15 West 81st Street

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15 West 81st Street, New York City, NY

15 West 81st Street

15 West Street towering in New York City
Building Information
Architect Emery Roth
Number of Units 119
Number of Floors 16
Year Built 1930
Construction Method Concrete
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15 West 81st Street, New York, NY, United States
Distance to Public Transit Less than a block
Region New York City
Municipality New York City
Zoning R8B
Title of Land Cooperative



Beacon Theatre

15 West 81st Street is a neo-renaissance pre-war building built in 1930.

One of the existing buildings in the neighborhood that has embraced the same changes as 15 West 81st Street is the Beacon Theatre. It was completed in 1929, making it only a year older. The theater sat vacant for a time until purchased by Warner Brothers. It was considered to be a first-run movie theater into the 1970's.

In 1974, it was bought and for several years held as a venue for concerts that promoted artists such as Stephen Metz and the Grateful Dead.

The theater holds 2,894 people and was designed by Walter W. Ahlschlager. Today, the theater is run by Madison Square Garden Incorporated. Inside the theater is a 30 foot tall Greek goddess over the arch of the curtain-less stage. The detailing in the building includes plaster moldings, polished hardwood, and brass rails. Many of these features are apparent in 15 West 81st Street.


Elephant Display
15 West 81st Street is located in the Upper West Side Area. The area is between Central Park and the Hudson River.

It is an upscale and primarily residential area with a few tourist attractions and landmark destinations.

The American Folk Art Museum is devoted to self taught artists. It was founded in 1961, and opened to the public in 1963.

The American Museum of Natural History is one of the largest museums in the world. It contains 27 interconnected buildings and 45 permanent exhibits. Some of the exhibits include the African Mammal Hall, Arthur Ross Hall of Meteorites, Milstein Hall of Ocean Life and Fossil Halls.

The a partments facing West 81st Street get views of the Natural History Museum and Central Park West.[1]

Within walking distance are conveniences such as Subway and Pizza Hut restaurant, Dunkin' Donuts coffee, Save-A-Lot Groceries and West Chatham Park. [2]


Entrance Facade
The building itself was completed in 1930 and it was modified into a cooperative in 1966.

The exterior is finished with a beige brick. The first three levels have a rusticated base with a few band-courses. There is also a setback water tank enclosure that adds interest to the elevation.

The entrance in canopied and flanked with lighting and sidewalk landscaping.

A band-course is a continuous horizontal layer of a similarity sized material. It is almost always used with masonry or brick and sometimes stone. There are various styles such as stretcher, header, rowlock, solider, sailor, and shiner. They are typically used for aesthetic purposes, such as emphasizing an entrance of the junctions between floors.[3]

Layout and Features

The rooms are large and luxurious. The brass hardware has been recently restored throughout some of the units. Also, there have been new moldings, baseboards, updated electric wiring, and customized closets added in renovations.

Features in the suites include marble counter tops, stainless steel appliances, custom cabinets, red oak flooring, marble floors, and high end fixtures. [4]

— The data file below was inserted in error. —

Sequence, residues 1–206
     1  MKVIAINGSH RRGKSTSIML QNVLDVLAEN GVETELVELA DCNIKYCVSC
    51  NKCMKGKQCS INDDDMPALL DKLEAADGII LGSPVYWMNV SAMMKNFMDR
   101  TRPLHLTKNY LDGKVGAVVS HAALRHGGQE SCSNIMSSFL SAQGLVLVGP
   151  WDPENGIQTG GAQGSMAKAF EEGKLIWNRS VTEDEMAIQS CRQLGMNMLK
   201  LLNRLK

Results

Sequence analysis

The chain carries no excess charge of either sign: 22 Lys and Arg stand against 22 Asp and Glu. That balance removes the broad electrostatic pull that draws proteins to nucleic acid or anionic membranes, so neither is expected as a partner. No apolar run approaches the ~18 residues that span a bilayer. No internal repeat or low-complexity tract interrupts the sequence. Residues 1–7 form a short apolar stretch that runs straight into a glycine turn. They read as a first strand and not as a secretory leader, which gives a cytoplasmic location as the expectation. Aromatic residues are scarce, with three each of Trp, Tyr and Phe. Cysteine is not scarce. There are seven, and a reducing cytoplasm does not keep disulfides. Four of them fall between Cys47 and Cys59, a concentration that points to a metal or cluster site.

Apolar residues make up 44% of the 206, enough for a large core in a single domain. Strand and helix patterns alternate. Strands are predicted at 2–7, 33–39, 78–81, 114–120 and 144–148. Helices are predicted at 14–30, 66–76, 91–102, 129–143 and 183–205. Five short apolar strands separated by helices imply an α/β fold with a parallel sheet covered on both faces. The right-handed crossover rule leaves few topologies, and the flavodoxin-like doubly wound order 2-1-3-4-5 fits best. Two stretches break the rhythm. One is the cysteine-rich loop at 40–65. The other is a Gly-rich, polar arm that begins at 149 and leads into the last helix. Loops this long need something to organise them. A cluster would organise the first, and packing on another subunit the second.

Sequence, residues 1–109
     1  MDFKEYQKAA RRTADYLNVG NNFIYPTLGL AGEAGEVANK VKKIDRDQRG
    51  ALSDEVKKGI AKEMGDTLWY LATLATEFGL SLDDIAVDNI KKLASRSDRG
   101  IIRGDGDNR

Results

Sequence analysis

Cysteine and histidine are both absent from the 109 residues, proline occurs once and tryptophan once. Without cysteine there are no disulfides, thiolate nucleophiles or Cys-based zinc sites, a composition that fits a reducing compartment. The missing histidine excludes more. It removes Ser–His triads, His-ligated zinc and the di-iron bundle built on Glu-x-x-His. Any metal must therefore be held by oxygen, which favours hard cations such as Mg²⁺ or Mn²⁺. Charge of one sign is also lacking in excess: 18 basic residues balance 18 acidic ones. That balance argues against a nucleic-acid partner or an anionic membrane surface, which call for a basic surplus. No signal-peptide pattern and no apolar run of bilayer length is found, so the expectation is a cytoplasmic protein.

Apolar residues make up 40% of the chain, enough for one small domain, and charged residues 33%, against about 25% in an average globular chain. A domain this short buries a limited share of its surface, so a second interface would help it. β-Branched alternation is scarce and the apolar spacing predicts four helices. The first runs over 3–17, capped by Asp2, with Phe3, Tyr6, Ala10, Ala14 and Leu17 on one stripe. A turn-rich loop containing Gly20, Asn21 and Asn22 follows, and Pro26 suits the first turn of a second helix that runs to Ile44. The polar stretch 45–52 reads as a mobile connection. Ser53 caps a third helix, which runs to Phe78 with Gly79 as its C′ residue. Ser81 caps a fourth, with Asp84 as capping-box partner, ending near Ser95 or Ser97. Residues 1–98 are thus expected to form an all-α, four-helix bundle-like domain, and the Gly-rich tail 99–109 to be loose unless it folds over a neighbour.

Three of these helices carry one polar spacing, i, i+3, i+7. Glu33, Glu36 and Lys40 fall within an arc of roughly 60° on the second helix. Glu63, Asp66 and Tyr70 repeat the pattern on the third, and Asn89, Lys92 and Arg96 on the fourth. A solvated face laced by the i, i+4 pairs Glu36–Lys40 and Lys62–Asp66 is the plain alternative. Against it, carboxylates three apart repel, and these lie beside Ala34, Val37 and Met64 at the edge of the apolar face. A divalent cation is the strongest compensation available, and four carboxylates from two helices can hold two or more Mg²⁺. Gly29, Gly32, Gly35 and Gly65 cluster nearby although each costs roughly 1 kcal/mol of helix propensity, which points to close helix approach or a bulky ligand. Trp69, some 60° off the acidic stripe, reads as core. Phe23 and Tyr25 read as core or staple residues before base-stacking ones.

With regard to common areas, the extravagant lobby leads off of a canopied entrance framed with an elegantly landscaped sidewalk.

Unfortunately, this building does not have any balconies.[5]

Floor Plans


  • 24-hour doorman
  • Fitness center
  • Storage and a bike room
  • Live-in Superintendent
  • Children’s playroom


15 West 81st Street Bylaws
Rentals Yes
Pets Yes or No

  • Rentals are permitted [6]
  • Pets are allowed[7]


New York State struggles to deal with legacy pollutants and fish consumption.

Before regulations were made to prevent dumping industrial waste into the waters, many toxic compounds had been disposed of into the rivers and lakes via direct or through landfills. Since then, the toxins have been banned from dumping into the waters, but they still continue to contaminate the waters.

Even the original toxins in the water still are there due to movement by sediments and the food chain in fish. This has lead to warning and health advisories for people looking to fish in the waters.

In order to try and solve this problem, redemption activities are underway. One of the methods is the fishing restrictions in the Upper Hudson River. There is also an intensive monitoring system that is working to identify the sources and movements of these toxins. [8]


Each apple is considered a clone

The museum of natural history provides facts about the exhibits. There thousands of things to see and read, here are a few:

  • five species of beans have been bred into about 40,000 varieties
  • cabbage, broccoli, brussels sprouts, cauliflower, kale and kohlrabi are actually all the same species
  • in Ancient Aztec markets, cocoa beans were currency
  • the bumps on your tongue aren't actually taste buds, the taste buds are inside
  • in parts of Asia and the middle east, sheep are bred to have fat tails that are so big they have to be dragged in special carts
  • almost every apple you eat is cloned by grafting
  • wild chickens lay about 15 eggs a year, captive chickens lay 200 - 300
  • in high income countries, each person wastes about 187 pounds of food each year. In low income countries, it it about 33 pounds[9]


  1. Wikipedia
  2. Walk Score
  3. Wikipedia
  4. Halstead
  5. City Realty
  6. Street Easy
  7. Point 2 Point
  8. DEC NY
  9. Mental Floss

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